We have so many opportunities in the workforce, yet women are often still told that we’ve got to run ourselves ragged and forego balance in order to break through the glass ceiling. Why?
Part of the reason work-life balance is difficult to achieve is because our society places so much weight on the financial success of one’s career.
For women, this has been particularly difficult because of the claim that we are underpaid compared with men and the notion that we have to work twice as hard to get to a level playing field. The ubiquitous statistic that women earn seventy-seven cents for every dollar men earn is a compelling story that points to systemic discrimination against women.
The problem is that it’s untrue. In reality, in our twenties women are paid better than men—by eight cents on the dollar. And overall, 72 percent of women say they have about the same opportunities to advance to top executive and professional positions in their companies as men. We are now as likely as men to be company managers.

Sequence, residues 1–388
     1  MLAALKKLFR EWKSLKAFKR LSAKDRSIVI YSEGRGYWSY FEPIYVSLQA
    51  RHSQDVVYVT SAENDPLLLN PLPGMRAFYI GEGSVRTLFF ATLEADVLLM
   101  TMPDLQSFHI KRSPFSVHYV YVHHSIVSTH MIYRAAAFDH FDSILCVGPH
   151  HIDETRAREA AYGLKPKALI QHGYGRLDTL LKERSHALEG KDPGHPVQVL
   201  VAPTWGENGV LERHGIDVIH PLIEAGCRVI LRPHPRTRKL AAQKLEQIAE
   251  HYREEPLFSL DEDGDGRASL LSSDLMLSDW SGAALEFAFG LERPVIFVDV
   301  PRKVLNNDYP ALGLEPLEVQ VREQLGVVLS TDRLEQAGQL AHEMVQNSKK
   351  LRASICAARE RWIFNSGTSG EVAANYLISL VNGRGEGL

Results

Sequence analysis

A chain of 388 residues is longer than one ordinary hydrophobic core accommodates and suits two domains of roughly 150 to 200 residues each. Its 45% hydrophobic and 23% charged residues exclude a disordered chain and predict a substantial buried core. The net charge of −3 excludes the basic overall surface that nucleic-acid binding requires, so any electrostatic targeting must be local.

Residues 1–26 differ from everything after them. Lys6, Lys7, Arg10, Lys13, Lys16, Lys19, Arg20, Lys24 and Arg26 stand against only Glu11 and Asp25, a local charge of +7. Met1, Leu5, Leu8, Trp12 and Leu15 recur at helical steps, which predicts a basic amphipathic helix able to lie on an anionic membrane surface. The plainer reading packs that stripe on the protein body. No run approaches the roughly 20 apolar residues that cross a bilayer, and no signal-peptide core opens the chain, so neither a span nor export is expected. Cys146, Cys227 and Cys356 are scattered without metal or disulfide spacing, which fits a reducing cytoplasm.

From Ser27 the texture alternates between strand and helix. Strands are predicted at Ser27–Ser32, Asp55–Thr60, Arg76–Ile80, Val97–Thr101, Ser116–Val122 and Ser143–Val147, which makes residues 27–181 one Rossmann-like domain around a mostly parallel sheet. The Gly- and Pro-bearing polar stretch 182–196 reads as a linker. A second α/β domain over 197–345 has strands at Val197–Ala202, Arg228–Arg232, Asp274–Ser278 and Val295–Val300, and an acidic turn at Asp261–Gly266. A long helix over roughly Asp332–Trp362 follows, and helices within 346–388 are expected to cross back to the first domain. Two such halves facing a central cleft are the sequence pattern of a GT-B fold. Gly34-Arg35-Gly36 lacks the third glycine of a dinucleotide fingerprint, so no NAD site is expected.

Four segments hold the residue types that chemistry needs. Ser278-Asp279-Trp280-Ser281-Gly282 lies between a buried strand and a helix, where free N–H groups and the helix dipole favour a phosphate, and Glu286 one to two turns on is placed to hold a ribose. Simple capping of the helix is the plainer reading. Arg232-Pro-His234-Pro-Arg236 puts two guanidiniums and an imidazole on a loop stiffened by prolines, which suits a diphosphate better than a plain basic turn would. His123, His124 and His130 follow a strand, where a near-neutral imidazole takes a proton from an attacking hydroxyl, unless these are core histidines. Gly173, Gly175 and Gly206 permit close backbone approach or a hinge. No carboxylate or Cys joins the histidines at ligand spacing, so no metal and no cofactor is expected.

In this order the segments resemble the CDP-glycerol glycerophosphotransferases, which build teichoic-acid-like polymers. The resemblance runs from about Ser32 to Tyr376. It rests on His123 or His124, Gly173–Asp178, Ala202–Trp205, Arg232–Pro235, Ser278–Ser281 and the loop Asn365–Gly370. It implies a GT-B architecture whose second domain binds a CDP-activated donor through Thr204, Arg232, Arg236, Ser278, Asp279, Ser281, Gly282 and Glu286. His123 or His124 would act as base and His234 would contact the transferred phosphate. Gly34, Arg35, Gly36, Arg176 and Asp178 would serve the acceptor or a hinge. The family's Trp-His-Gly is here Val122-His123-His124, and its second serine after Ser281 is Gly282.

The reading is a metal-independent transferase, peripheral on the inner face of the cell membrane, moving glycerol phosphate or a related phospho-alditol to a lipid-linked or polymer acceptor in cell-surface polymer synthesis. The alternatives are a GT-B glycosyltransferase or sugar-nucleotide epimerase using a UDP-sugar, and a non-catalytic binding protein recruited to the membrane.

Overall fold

Now, it is true that on average men earn more than women, and they also hold a greater number of executive positions. Yet this wage gap is usually not the product of workplace discrimination but rather is the product of the choices and needs of both women and men. Here’s a radical thought: Women are different than men, and our priorities, demands, and career paths differ in most cases because of our own choosing.
When we take into account things like education, hours worked, industry, experience, and career choice, the wage gap disappears.
Rather than pitting men and women against each other and using simplistic numbers to suggest that women are victims, we ought to acknowledge these differences and embrace the choices we make, understanding the different salaries that may result.
Click here to read the rest of this excerpt from Feisty and Feminine on The Daily Signal.